Asian Cup

Pfister still loving life in the coaching fast lane

Friday, November 24, 2017

Kuala Lumpur: There can be very few people in this world who would raise an eyebrow if Otto Pfister announced that he finally wanted to take things a little easier.


Instead, as he turns 80, the highly regarded German coach remains as enthusiastic about life in general and football in particular, as he has ever been. An infectious joie de vivre that has been there for all to see during a career – as both player and coach – that now spans six glorious decades.



“Football is not, and has never been, a job for me. It’s like a hobby,” Pfister told the-AFC.com in an exclusive interview.



“So often, when you go to a different country as a coach, you encounter a different language, a different religion or a different culture. It is a permanent challenge, but one that gives me plenty of motivation, and it’s a challenge that I still like a lot.”



The latest addition to Pfister’s already glittering curriculum vitae is a role as head coach of Afghanistan, a move that came about after he was pinpointed as the ideal person to oversee the national side's bid to reach the 2019 AFC Asian Cup.



Despite the obvious difficulties associated with trying to coach a team from the troubled nation, Pfister insists he is enjoying his time with the Lions of Khorasan, even if their dream of rubbing shoulders with Asia’s elite in the United Arab Emirates was extinguished some time ago.



“My current job with Afghanistan is undoubtedly a special job, and one that I am more than happy with, even though there are issues such as the fact that we have to play all our games outside of Afghanistan.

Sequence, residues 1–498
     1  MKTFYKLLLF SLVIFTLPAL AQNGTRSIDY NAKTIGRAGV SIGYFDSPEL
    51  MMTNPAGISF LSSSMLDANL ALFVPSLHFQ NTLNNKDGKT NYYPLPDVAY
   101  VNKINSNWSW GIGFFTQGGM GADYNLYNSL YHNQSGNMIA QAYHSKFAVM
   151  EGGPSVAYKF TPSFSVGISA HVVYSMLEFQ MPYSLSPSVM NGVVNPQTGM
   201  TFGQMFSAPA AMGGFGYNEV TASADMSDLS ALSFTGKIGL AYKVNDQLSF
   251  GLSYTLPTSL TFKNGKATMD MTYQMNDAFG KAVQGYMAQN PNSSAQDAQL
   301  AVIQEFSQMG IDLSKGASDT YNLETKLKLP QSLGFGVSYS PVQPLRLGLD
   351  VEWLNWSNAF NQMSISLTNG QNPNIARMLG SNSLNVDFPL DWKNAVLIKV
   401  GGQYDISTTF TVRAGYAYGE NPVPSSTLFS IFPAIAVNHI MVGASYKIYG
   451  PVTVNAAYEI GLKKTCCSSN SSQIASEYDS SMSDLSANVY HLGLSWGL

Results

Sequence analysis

“But even with that in mind, I have to say that I am okay.



“At first, I admit it was difficult because I did not see the players for as long as I would have liked before our games, but, as I get to know the squad more, things have definitely improved.”





That Afghanistan came calling, should be of little surprise.



Pfister, Africa’s Manager of the Year in 1992, has an enviable wealth of experience under his belt, having famously guided Saudi Arabia to the 1998 FIFA World Cup, Togo at the 2006 FIFA World Cup and Ghana to success at the 1991 FIFA U-17 World Cup.



The Cologne native has also won league titles in Lebanon and Egypt with Nejmeh and Zamalek respectively.



Golden memories galore, that, unsurprisingly, Pfister remains incredibly proud of.



“It is true, I have had many highlights in my career. With Saudi Arabia in 1998 I had the likes of Sami Al Jaber and Mohamed Al Deayea, who at the time was one of the best goalkeepers in the world, playing for me. They were my boys and that was a great team.



“During my time in Africa, I coached star players such as Emmanuel Adebayor and Abedi Pele, yet again, they were great footballers who helped the countries I was in charge of at the time achieve so much.”



Given that Pfister’s first spell in Asia was some 20 years ago with Bangladesh, he is undoubtedly well placed to assess the progress made throughout the region. And, according to the one-time striker, the change has been an impressive one.



“There can be little doubt that Asia has made a big step over the past 20 years or so,” he declared.



“Once upon a time in Asia you had to improvise everything, but now – thanks to the work of the Asian Football Confederation (AFC) – everything before during and after the game is done very professionally.



“There were changes that needed to be done, and now that they have I think it has taken the game in Asia to a much higher level. The AFC should be congratulated.”





Perhaps not surprisingly given his omnipresent professional approach, Pfister is now fully focused on Afghanistan’s last fixture in the final round of Asian Cup qualifiers. A game against Cambodia that he believes will provide a further opportunity for the world to see the potential of his squad.



“We have had some good results during the qualifiers – two draws against Vietnam and a 3-3 result against group leaders Jordan show the potential that Afghanistan has.



“Of course, we cannot play games in Afghanistan. All our home games have to be played overseas and I firmly believe that once we can play in Afghanistan the country has a great chance to succeed.”



Photos: AFC, AFP